It’s not as if there is a shortage of sensations, from the Kurds to Rocket Ismail. There are plenty of them, of the genuine quality. It is the artificial sensations that are so annoying, so trivial, so filling of newspaper space. The standard artificial sensation is the recital of how many aeroplane trips have been taken in the past calendar year by some bedraggled politician or official in high places. This, apparently, is worthy of tall, dark headlines.
The Washington press is currently asweat over the air travels of the widely unpopular John Sununu, the pit bull who presides as George Bush’s chief of staff. Reams of newsprint in otherwise-serious newspapers are devoted to how many times he combined trips on government planes with a little skiing or visits to an ailing aunt or whatever.
In Alberta, they are chewing over the flight paths of Premier Don Getty and his cabinet ministers, as if unearthing the Dead Sea Scrolls. In Ottawa, reporters, with visions of Woodward and Bernstein dancing in their computers, annually pounce upon the details of cabinet ministers’ travels, eager for juicy red meat.
Constant reader will know that defence of downtrodden politicians is not the usual favorite role of this department. But at some stage there is the necessity to cry “Enough!” John Sununu, who has the public personality of a picket fence, is the second most powerful man in the most powerful nation on earth. He works like a dog. He is on call 24 hours a day, seven days a week, required to make decisions at 3 a.m. that will allow his boss to slumber undisturbed.
As the nervous White House flacks try to point out, even when flying he has to have secure communications links with the President’s office. Economy class, seat 27 B, wedged between a wailing baby and a talkative talcum salesman from Omaha, usually doesn’t provide the circumstances for that.
It doesn’t matter. Marlin Fitzwater, the portly Bush prevaricator who is paid to give half-answers to the probing questions of the scribes, in a White House briefing was asked
more times about the Sununu travels than he was about the Kurdish refugees. Incipient scandal, as we know with randy Teddy Kennedy and supposedly randy Nancy Reagan, is always more interesting than mere dying, frozen children on a far-off mountain range.
In journalism, things you can look up are always easier than things you have to find out. The supposedly incriminating evidence that Sununu actually mixed a little relaxed skiing with his governmental duties was supplied, after all, from government files and records. The shocking news on how many times federal ministers from Alberta use government jets to fly home to their loved ones is available, after all, in meticulous Ottawa files available under freedom-of-information legislation passed by government.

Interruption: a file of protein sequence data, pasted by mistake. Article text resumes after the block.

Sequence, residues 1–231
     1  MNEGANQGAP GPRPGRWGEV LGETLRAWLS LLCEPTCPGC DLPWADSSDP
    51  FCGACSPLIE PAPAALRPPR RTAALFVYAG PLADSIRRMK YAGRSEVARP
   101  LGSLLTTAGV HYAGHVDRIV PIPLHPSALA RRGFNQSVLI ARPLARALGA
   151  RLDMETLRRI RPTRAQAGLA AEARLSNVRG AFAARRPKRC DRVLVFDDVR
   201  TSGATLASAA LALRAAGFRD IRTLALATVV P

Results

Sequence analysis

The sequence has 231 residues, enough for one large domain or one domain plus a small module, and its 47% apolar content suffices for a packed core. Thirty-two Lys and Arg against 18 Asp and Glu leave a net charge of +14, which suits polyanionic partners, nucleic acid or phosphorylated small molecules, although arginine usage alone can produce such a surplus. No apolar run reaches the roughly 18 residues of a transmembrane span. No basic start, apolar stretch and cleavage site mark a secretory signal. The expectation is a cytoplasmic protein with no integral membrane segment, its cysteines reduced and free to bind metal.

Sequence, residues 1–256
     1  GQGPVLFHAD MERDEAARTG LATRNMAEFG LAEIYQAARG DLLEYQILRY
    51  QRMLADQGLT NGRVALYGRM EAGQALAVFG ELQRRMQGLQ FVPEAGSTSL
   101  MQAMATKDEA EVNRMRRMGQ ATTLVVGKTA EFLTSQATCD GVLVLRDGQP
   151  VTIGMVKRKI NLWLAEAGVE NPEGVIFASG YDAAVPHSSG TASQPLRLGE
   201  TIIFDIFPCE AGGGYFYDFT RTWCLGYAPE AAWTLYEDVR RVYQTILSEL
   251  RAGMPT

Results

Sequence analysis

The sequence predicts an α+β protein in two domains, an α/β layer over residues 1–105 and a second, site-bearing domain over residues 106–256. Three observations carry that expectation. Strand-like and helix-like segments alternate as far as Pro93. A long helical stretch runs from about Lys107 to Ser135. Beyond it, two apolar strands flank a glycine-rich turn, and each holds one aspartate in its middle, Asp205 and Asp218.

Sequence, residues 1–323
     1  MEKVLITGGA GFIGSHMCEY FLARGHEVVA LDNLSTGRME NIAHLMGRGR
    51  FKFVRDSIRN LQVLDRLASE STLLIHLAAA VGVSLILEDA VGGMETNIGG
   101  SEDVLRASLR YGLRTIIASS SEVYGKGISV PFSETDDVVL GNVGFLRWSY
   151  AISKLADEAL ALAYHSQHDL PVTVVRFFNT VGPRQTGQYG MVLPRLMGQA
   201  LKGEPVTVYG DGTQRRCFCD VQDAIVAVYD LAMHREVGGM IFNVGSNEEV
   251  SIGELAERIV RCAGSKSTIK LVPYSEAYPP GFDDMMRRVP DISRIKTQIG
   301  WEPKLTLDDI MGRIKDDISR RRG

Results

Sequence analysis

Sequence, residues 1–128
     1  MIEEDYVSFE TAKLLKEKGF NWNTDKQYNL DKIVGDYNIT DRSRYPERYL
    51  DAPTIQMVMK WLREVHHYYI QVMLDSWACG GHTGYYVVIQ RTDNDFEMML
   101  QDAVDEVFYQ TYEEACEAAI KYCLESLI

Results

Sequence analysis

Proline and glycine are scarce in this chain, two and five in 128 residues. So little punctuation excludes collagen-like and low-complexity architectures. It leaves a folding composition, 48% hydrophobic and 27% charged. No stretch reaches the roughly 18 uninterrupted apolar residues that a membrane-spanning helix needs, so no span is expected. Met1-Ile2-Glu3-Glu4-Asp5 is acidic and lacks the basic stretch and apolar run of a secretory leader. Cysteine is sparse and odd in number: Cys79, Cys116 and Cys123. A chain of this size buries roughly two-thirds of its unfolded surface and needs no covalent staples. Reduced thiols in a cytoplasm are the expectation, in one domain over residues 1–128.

(The stories, incidentally, are usually written by reporters, products of good Ontario universities, who live in the cosseted, subsi-
dized backwater of Ottawa, who would never know that it would take a cabinet minister named Iona Campagnolo two days of plane connections, involving a sleep-over in Vancouver, to reach Prince Rupert in her riding.)
So reporters turn into bookkeepers. Journalists convert themselves into accountants. Chaps and chapesses who go into newspapering thinking they will be the next Lincoln Steffens or John Dafoe become filing clerks, growing blind searching through obscure records in the parliamentary library.
To look up is easier than to find out. The other day, Gilles Loiselle, the rising star in the Mulroney cabinet, confessed to a reporter that if and when the day came and he had to make a choice between Quebec and Canada, he would choose Quebec. Why doesn’t someone go through every Quebec minister in the Mulroney cabinet and ask the same question? Not with the purpose of embarrassing anyone, but the answer—if what we suspect—might be very useful in making TROC (The Rest of Canada) more serious about contemplating the loss of Quebec.
The insular blindness and mental laziness of the Mulroney regime was demonstrated in the “re-invigorating” cabinet shuffle that produced only one new face among the bloated 40-body cabinet. Why does Canada, with 26 million souls, need 40 ministers, while the Americans, burdened with 260 million, can survive with a dozen? Why doesn’t someone do a survey of all the supposedly civilized countries on the planet and do a comparison, cabinet ministers per capita?
No one has really looked into the source of Brian Mulroney’s financing that provided the cheques for
his two leadership campaigns for the Conservative top spot. With Mr. Buchanan’s recent troubles in Nova Scotia, why does someone not inspect the never-talked-about little subsidies provided to most every leader from Lester Pearson on down through, excepting the millionaires who didn’t need them?
Why does someone not do a really good look at the rather fuzzy, rather quixotic life story of Audrey McLaughlin, who could be a future prime minister? There is far more romance there than we think. It might help her, humanize her.
The laziest thing in the world is welfarebashing, always popular in the best men’s dining clubs, but a little more brave is a serious look at the many Canadian business giants who rip off the nation through tax loopholes, the true “corporate welfare bums.”
Of course, it’s much easier to peruse old airline tickets.
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